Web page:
It’s Saturday 4 June 2023. The summer sun blazes down on the approximately 9000 football fans in the sold-out Joseph Marien Stadium, nestled between a residential street and the towering trees of Duden Park in Brussels’ Forest neighbourhood. It’s the last match of the season in the Jupiler Pro League, Belgian football’s highest division.
The players and supporters of the home team, Royale Union Saint-Gilloise (RUSG), look set to be rewarded with the league title. They narrowly missed out on the top spot the previous season and so, if they pull it off, it will be their first in 88 years.
It’s all going to plan until the 89th minute, when the drama takes its pitiless course. Within these final moments, Club Brugge score three goals, and Union lose the match that was supposed to make them champions.
Some players later describe the last-ditch 1-3 defeat as traumatising and cruel; others as something they hope to never relive. But even when the disappointment is palpable, the yellow-blue crowds remain. The team and coach make their way to the main stand, the so-called Tribune Est, home of RUSG’s fan clubs and its most loyal supporters. As after every match, one player leads the chant, and everyone joins in: “Bruxelles, ma ville, je t’aime …” (“Brussels, my city, I love you …”) and then, as is tradition at the end of a season, the fans are allowed to invade the pitch.
It’s precisely this special relationship between the team and its fans that got Ana Ascenção e Silva hooked from the very first fixture she attended. That was in April 2017, when the now 37-year-old from Portugal, a team leader for communications on global emergencies in the European Commission, witnessed a draw between Saint-Gilloise and Standard Liège.
Ascenção e Silva, a long-time supporter of FC Porto in her homeland, was not new to football. “I started going at the age of three, with my grandfather,” she says, “and I missed it when I moved to Brussels. A friend convinced me to go to see Union, but I didn’t think it would be worth it compared with what I was used to. I remember they didn’t win, they didn’t even play well, but to my surprise, everyone was celebrating.”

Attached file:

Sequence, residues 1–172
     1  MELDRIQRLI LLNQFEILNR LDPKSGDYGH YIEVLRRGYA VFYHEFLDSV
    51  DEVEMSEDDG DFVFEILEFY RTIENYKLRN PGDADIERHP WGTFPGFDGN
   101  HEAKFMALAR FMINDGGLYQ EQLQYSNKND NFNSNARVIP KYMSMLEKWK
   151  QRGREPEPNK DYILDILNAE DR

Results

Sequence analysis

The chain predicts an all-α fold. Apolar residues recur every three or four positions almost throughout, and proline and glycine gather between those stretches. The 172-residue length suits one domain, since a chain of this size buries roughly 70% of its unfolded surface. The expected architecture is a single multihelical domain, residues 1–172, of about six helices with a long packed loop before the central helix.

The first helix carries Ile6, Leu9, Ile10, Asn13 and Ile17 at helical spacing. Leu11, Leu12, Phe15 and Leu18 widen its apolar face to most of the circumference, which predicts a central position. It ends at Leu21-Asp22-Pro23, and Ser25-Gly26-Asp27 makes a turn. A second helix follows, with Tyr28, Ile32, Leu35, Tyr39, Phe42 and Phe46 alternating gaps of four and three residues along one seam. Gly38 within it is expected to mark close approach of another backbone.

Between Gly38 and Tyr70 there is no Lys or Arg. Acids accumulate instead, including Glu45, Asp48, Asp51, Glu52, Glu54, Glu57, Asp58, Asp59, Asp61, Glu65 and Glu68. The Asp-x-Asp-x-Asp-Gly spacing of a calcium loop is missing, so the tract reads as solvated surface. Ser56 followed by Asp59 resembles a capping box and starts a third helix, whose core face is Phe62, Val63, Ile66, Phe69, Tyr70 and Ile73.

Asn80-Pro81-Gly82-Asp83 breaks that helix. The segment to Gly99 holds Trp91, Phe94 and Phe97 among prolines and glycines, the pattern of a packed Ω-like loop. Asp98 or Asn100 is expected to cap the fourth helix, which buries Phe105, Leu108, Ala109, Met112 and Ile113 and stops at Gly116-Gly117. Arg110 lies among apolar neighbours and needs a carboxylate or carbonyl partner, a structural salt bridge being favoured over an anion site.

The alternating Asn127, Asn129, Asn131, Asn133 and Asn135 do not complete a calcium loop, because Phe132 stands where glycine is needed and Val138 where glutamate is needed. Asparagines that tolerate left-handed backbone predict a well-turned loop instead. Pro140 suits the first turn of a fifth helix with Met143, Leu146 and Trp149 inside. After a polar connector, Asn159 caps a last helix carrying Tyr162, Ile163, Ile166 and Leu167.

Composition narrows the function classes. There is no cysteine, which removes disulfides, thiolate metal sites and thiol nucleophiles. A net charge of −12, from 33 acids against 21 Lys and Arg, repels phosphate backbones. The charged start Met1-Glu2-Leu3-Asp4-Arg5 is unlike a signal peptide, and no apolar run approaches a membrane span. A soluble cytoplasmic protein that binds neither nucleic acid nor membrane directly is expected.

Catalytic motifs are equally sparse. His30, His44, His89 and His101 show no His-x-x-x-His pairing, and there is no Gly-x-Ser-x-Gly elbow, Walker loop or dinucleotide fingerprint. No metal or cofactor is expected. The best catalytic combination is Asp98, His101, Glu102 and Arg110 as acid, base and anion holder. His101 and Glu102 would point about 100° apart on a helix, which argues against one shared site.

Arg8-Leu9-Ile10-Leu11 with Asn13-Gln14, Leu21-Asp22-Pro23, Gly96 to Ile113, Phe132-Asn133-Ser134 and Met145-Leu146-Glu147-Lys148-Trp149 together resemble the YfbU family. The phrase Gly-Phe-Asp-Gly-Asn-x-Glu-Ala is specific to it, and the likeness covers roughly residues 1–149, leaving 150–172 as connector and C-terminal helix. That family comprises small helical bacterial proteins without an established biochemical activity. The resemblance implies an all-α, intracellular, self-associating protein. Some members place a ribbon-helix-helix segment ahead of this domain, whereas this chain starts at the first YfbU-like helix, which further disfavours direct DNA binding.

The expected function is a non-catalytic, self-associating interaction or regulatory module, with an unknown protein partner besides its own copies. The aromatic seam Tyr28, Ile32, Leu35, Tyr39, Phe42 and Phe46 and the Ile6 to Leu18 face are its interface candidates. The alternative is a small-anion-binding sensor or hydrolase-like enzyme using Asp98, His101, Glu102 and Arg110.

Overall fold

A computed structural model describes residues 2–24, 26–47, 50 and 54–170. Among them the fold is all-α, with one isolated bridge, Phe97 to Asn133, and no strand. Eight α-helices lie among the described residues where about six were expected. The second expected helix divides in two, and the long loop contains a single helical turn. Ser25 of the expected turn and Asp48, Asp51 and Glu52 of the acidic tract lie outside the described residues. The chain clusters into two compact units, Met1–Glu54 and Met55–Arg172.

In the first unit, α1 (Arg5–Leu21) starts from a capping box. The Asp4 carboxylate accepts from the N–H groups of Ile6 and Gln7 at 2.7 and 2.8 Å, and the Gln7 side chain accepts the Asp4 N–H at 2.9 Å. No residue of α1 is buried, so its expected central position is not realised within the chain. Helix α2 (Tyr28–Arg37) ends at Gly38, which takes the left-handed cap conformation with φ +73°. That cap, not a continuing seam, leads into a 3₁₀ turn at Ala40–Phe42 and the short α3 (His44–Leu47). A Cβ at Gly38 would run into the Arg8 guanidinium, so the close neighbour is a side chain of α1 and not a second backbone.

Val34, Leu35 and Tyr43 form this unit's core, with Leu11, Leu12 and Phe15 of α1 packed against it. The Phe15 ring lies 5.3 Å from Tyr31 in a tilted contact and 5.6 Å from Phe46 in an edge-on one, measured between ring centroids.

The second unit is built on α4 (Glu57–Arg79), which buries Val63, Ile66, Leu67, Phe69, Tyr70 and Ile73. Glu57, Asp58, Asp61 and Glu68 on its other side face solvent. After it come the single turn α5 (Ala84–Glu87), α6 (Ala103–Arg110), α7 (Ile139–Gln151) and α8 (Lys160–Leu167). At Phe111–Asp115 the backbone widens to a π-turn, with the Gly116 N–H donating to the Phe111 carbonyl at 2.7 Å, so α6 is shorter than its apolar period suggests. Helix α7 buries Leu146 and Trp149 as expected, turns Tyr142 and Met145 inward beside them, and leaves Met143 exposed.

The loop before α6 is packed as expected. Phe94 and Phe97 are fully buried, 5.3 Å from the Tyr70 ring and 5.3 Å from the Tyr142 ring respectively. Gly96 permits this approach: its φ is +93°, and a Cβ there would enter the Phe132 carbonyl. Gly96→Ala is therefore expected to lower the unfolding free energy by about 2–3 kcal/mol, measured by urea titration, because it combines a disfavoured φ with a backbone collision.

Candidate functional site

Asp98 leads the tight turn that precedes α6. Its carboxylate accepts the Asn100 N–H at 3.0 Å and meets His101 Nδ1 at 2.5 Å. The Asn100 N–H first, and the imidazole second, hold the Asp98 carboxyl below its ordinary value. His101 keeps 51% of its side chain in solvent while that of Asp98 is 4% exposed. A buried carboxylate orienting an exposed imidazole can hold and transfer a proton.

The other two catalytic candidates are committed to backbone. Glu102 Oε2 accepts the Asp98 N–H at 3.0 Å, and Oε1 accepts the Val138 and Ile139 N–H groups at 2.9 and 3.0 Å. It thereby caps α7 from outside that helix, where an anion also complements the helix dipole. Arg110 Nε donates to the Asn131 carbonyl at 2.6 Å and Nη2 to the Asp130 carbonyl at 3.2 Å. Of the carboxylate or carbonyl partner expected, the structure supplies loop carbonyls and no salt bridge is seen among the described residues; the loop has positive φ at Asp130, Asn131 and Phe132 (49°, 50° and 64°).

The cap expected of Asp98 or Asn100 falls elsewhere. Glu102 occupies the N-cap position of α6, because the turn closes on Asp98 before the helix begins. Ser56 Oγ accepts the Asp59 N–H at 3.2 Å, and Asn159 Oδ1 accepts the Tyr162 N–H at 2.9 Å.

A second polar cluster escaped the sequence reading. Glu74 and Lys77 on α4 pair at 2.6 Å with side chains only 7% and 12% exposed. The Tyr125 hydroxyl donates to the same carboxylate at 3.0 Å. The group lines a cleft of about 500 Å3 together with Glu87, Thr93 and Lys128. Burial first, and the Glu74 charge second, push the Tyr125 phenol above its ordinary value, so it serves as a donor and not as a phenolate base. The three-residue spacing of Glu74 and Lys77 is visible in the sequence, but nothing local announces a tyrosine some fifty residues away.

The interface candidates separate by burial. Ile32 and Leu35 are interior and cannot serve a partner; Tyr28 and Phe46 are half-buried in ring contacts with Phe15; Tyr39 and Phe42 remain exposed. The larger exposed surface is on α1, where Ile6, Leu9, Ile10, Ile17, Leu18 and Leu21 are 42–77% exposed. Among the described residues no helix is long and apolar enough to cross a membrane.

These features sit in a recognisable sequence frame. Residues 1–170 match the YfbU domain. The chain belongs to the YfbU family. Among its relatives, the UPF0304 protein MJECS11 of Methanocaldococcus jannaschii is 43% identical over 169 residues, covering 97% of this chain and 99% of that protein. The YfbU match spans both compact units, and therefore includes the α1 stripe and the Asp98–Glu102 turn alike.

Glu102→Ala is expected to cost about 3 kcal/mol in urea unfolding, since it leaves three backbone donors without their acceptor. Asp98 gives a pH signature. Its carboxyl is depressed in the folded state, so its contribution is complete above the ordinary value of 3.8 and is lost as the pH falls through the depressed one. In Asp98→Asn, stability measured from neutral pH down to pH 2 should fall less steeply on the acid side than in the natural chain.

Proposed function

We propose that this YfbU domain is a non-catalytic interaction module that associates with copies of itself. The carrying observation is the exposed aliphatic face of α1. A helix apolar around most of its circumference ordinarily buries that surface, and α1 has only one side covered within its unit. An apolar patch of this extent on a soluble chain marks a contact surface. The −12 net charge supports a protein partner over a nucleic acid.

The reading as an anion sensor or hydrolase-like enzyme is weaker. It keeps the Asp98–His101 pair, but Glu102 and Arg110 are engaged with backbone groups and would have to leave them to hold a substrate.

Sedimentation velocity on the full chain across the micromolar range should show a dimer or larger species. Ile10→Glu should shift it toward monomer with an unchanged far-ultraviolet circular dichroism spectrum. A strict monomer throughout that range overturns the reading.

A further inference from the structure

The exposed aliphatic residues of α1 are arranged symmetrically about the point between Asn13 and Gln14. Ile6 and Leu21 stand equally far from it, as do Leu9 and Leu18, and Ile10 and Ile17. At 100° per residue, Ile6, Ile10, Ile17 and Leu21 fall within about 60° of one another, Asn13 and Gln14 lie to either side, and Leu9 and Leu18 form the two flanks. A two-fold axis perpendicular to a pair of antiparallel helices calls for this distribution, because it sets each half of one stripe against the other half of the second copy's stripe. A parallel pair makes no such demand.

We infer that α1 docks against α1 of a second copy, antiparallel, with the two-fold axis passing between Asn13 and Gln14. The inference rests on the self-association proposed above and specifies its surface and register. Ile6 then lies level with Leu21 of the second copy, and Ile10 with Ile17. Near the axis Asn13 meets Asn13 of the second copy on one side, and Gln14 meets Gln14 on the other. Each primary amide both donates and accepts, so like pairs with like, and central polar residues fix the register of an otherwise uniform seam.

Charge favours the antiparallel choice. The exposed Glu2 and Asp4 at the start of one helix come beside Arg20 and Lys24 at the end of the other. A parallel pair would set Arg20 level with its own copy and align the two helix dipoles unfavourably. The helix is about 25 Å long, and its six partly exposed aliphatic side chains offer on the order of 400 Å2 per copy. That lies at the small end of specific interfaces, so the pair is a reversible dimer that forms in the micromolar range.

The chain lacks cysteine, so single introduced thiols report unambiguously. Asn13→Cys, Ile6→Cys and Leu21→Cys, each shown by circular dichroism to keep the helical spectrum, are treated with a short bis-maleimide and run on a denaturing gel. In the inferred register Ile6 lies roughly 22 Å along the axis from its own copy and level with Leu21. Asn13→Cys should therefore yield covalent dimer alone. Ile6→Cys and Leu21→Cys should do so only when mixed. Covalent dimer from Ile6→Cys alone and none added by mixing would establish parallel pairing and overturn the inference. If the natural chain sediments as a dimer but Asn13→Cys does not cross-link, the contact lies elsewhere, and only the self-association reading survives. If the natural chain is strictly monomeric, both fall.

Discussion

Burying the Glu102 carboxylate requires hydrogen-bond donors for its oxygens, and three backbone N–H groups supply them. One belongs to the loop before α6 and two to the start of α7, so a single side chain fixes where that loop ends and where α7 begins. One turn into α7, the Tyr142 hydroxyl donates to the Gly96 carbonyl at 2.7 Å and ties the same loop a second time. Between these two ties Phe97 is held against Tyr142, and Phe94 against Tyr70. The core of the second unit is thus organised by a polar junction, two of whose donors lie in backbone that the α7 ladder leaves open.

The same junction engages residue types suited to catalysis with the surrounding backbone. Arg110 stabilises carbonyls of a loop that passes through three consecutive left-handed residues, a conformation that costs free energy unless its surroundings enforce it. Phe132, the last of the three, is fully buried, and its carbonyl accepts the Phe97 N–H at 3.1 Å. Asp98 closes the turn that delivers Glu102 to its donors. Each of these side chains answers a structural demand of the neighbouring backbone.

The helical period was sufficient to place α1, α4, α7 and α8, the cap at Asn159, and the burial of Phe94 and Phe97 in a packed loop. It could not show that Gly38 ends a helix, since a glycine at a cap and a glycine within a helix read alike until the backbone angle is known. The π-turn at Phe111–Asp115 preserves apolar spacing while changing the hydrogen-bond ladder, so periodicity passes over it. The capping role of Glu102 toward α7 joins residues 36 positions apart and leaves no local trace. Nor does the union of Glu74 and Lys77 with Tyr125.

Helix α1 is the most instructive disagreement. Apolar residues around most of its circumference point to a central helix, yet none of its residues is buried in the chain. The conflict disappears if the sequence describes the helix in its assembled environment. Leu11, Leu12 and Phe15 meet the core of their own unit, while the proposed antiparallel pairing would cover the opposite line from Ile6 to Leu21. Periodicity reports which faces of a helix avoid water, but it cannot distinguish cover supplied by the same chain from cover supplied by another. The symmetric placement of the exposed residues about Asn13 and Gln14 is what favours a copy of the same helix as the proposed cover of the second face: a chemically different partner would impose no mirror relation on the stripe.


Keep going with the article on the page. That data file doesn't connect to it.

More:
Today, she is the co-founder and president of bEUnion, one of nine official RUSG fan clubs. Since its launch in 2021, the year the team returned to the top division after 48 years of absence, bEUnion has gained more than 350 members. As the name suggests, there is a clear connection to the European Union.
“All founding members worked – or are still working – in the EU institutions,” explains co-founder Daniel Perez, an assistant in the European Parliament. “We wanted to reflect what binds us together. The idea was to create an anchor point for people in the EU bubble who want to go to a football match but don’t know which club to choose or how to get tickets. Everyone who is like-minded can join, no matter the cultural or professional background,” he says.
Like Ana, Perez was sold on the club from his first game six seasons ago. “People just wanted to have fun, sing along, and have a good time,” he says, “and after the match, we had a few beers with the players. I loved the familiar atmosphere.”
Even now that the club has been a close contender for the league title for two consecutive seasons and is playing in the UEFA Europa League for the second year in a row, this feeling remains, and continues to be the major point of attraction for locals, newbies and groundhoppers alike. “It’s a place for football romantics,” Perez says.